Giorgio Tozzi

Giorgio Tozzi

born on 8/1/1923 in Chicago, IL, United States

died on 30/5/2011 in Bloomington, IN, United States

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Giorgio Tozzi

From Wikipedia, the free encyclopedia.

Giorgio Tozzi (January 8, 1923 May 30, 2011) was an American operatic bass. He was a mainstay for many years with the Metropolitan Opera, and sang principal bass roles in nearly every major opera house worldwide.


Tozzi was born George John Tozzi in Chicago, Illinois.[1] He studied at DePaul University with Rosa Raisa, Giacomo Rimini and John Daggett Howell, making his professional debut in the Broadway production of Britten's The Rape of Lucretia in 1948 as Tarquinius. His signature roles included Figaro in Mozart's The Marriage of Figaro, Phillip II in Verdi's Don Carlos, Hans Sachs in Wagner's Die Meistersinger von Nürnberg, and Méphistophélès in Gounod's Faust.

In 1957 he portrayed the title role in a nationally broadcast performance of Mussorgsky's Boris Godunov with the NBC Opera Theatre.[2] In 1958 he created the role of The Doctor in Barber's Vanessa.

Tozzi was the recipient of three Grammy Awards: in 1960 the Grammy Award for Best Classical Performance, Operatic or Choral for The Marriage of Figaro with Erich Leinsdorf; in 1961 the Grammy Award for Best Opera Recording for Puccini's Turandot, with Erich Leinsdorf; and in 1963 the Grammy Award for Best Opera Recording for Georg Solti's recording of Verdi's Aida (with Leontyne Price and Jon Vickers). Tozzi also sang the bass part in the recording of Sir Thomas Beecham's version of Handel's Messiah for RCA Victor in 1959.

After dubbing the singing parts for the character of Emile de Becque (acted by Rossano Brazzi) in the 1958 film version of South Pacific, Tozzi spent many years playing the role of de Becque himself in various revivals and road tours of the show, including one at Lincoln Center in the late 1960s. In 1980, Tozzi earned a Tony Award nomination for Best Leading Actor in a Musical for his work as Tony in The Most Happy Fella.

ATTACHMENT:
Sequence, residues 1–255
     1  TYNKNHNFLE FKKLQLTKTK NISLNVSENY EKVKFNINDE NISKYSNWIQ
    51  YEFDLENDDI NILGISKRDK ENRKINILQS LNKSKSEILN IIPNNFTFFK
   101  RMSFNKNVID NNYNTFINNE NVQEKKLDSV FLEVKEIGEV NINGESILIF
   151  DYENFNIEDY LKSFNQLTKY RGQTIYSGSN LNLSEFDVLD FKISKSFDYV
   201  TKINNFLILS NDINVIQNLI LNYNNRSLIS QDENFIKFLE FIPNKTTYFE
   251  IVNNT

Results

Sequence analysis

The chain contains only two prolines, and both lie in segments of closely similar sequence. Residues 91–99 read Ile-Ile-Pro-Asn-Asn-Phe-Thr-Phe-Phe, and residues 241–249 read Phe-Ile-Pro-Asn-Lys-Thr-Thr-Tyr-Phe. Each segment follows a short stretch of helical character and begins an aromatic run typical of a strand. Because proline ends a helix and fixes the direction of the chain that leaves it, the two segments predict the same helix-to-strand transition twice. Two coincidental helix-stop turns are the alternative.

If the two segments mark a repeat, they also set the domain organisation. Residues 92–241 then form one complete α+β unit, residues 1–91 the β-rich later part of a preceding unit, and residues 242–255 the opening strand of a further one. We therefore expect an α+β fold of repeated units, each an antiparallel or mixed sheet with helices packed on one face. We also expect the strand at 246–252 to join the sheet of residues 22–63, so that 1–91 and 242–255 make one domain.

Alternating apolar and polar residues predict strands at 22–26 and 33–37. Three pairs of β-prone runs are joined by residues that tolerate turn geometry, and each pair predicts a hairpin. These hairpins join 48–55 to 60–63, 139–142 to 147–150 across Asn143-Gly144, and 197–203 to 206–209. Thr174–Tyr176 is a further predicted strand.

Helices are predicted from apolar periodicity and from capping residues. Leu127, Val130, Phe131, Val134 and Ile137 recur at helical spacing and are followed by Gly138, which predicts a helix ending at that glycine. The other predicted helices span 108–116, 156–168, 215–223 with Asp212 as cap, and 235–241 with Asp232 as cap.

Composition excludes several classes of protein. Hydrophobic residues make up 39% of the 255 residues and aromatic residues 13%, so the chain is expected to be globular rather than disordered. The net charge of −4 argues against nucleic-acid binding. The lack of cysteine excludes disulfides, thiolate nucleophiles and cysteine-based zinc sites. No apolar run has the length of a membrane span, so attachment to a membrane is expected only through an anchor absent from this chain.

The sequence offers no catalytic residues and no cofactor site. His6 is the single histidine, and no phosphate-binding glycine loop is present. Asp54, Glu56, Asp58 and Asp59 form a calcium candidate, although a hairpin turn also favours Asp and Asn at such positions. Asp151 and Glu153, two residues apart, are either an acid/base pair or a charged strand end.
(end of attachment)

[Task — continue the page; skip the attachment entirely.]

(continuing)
He was a professor at the Juilliard School, Brigham Young University, and Indiana University. In 2006 he retired as Distinguished Professor of Voice at Indiana University's Jacobs School of Music.

Tozzi published a novel in 1997, The Golem of the Golden West.[3]

Personal life

Tozzi was twice married. He first married Catherine Dieringer, who predeceased him; in 1967 he married Monte Amundsen, a singer, with whom he had a son and a daughter.[4]

Tozzi died on May 30, 2011, in Bloomington, Indiana, aged 88, of a heart attack. He was survived by Amundsen, their children, Eric Tozzi and Jennifer Tozzi Hauser, and three grandchildren.[5][6]


  1. Opera singer and Broadway performer, The Los Angeles Times, June 3, 2011. URL accessed on June 5, 2011.
  2. Raymond Ericson (March 19, 1961). Bass on the Rise; Giorgio Tozzi is that rarity in opera circles, a basso who has become well-known.. The New York Times.
  3. Obituary in The Daily Telegraph
  4. Driscoll, F. Paul, Bass Giorgio Tozzi, 88, an Artist Beloved by Met Audiences for More than Two Decades, has Died, Opera News, May 31, 2011. URL accessed on June 1, 2011.
  5. Margalit Fox (June 2, 2011). Giorgio Tozzi, Esteemed Bass at the Met, Is Dead at 88. The New York Times.

External links

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